share|improve this answer
add comment

Sensible threading APIs have a barrier construct which does precisely this.

For example, with boost::thread, you would create a barrier like this:

boost::barrier bar(10); // a barrier for 10 threads

and then each thread would wait on the barrier:

bar.wait();

the barrier waits until the specified number of threads are waiting for it, and then releases them all at once. In other words, once all ten threads have been created and are ready, it'll allow them all to proceed.

That's the simple, and sane, way of doing it. Threading APIs which do not have a barrier construct require you to do it the hard way, not unlike what you're doing now.

share|improve this answer
1  
the pthreads equivalent is pthread_barrier_t, by the way –  jalf Dec 13 '11 at 21:36
    
a barrier within the threads, is not what I'm looking for. I want the main function to know, when all threads are waiting. –  monkeyking Dec 13 '11 at 21:38
2  
So create the barrier for 11 threads, and have the main thread wait on it along with the 10 helper threads? –  jalf Dec 13 '11 at 22:26
    
My main starts 10 threads, and when these threads are waiting my main should be notified. How will starting 11 threads and use a barrier signal back to my main that the 10/11 are indeed waiting? Because the threads have reached the barrier, doesn't mean they have reached the cond_wait –  monkeyking Dec 14 '11 at 0:16
2  
Remove the condition variable. The barrier alone does what you need as far as I can tell. –  jalf Dec 14 '11 at 8:00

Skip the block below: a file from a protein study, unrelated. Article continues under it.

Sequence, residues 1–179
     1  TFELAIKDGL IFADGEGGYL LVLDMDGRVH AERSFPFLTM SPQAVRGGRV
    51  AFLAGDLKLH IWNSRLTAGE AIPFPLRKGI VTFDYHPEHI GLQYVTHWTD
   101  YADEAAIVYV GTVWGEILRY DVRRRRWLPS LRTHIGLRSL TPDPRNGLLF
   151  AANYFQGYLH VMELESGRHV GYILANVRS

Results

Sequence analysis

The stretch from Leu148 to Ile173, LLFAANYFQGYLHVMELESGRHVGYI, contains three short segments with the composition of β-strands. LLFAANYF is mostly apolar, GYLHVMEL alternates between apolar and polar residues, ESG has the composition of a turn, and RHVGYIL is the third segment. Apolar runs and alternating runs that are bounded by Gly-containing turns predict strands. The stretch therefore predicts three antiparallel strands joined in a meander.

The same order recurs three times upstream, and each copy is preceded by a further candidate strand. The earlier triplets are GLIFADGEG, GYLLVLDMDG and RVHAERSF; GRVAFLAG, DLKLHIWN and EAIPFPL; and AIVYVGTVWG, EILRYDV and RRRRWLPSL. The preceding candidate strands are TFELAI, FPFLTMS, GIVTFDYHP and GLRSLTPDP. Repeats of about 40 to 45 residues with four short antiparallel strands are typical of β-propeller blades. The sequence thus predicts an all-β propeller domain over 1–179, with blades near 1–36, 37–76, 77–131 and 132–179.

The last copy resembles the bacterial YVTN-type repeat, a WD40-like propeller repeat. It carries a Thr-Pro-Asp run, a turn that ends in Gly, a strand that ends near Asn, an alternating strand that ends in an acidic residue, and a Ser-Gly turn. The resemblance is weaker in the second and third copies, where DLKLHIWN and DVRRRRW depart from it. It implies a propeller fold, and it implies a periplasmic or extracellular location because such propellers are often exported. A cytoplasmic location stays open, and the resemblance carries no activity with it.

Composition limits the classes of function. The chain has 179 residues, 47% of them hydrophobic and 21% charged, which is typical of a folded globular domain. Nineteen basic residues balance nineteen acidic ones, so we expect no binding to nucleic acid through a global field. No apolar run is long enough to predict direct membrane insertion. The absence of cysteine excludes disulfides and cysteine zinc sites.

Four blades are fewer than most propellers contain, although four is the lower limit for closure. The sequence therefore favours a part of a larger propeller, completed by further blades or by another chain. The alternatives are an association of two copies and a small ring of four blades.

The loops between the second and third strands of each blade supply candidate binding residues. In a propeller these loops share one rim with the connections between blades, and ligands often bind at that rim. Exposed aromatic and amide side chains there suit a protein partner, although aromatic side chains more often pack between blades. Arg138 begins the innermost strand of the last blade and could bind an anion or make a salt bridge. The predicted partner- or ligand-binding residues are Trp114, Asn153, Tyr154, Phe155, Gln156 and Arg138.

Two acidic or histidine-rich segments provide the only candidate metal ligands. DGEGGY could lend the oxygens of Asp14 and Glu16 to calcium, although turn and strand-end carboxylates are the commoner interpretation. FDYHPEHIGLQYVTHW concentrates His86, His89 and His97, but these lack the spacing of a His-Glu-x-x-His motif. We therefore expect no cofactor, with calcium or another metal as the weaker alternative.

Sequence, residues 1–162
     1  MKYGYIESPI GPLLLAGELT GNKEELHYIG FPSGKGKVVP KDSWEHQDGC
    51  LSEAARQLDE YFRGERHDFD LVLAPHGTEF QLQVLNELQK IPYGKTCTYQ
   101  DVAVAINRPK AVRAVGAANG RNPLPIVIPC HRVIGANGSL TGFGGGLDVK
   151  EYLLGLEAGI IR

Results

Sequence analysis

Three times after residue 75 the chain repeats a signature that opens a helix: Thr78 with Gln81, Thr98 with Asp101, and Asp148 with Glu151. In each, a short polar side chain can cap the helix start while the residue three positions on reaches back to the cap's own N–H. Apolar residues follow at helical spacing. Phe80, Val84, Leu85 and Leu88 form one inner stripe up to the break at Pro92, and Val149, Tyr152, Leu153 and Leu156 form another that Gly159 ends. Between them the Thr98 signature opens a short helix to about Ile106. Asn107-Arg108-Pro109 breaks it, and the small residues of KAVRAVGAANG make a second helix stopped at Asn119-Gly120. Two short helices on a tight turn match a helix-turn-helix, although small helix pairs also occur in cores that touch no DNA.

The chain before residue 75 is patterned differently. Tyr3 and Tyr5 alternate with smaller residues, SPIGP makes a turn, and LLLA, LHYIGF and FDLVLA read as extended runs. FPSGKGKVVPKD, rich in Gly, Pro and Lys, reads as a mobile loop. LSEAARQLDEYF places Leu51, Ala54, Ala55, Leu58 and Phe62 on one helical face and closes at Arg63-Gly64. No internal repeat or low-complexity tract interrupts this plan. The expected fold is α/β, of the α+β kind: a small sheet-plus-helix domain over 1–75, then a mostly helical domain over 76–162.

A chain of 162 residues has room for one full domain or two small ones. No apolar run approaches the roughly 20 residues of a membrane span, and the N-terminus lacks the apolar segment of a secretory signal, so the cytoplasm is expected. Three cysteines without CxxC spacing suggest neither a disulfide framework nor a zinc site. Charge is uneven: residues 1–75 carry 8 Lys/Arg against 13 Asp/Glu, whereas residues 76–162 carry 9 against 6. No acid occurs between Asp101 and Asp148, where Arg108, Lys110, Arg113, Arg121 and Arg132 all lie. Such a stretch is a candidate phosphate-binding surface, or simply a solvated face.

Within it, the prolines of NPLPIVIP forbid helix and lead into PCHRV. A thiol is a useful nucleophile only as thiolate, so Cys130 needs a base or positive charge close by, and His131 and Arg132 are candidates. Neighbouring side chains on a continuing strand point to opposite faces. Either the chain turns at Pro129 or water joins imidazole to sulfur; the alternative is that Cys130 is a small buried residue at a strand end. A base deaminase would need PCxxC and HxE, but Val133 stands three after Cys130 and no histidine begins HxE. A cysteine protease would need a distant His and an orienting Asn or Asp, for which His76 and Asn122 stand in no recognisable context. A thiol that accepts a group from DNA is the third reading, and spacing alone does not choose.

add comment

You should associate some variable that contains the 'event state' with the condition variable. The main thread sets the event state variable appropriately just before issuing the broadcast. The threads that are interested in the event check the event state variable regardless of whether they've blocked on the condition variable or not.

With this pattern, the main thread doesn't need to know about the precise state of the threads - it just sets the event when it needs to then broadcasts the condition. Any waiting threads will be unblocked, and any threads not waiting yet will never block on the condition variable because they'll note that the event has already occurred before waiting on the condition. Something like the following pseudocode:

//mutex and conditional to signal from main to threads to do work
pthread_mutex_t mutex_for_cond;
pthread_cond_t cond;
int event_occurred = 0;

void *thread() 
{
    pthread_mutex_lock(&mutex_for_cond);
    while (!event_occurred) {
            pthread_cond_wait( &cond, &mutex_for_cond);
    }
    pthread_mutex_unlock(&mutex_for_cond);

    //do work on non critical region data
}

int main()
{
    pthread_mutex_init(&mutex_for_cond, ...);
    pthread_cond_init(&cond, ...);

    for(int i=0;i<10)
        create_threads(...);

    // do whatever needs to done to set up the work for the threads

    // now let the threads know they can do their work (whether or not
    //  they've gotten to the "wait point" yet)
    pthread_mutex_lock(&mutex_for_cond);
    event_occured = 1;
    pthread_cond_broadcast(&cond);
    pthread_mutex_unlock(&mutex_for_cond);
}
share|improve this answer
add comment

Your Answer

 
discard

By posting your answer, you agree to the privacy policy and terms of service.

Not the answer you're looking for? Browse other questions tagged or ask your own question.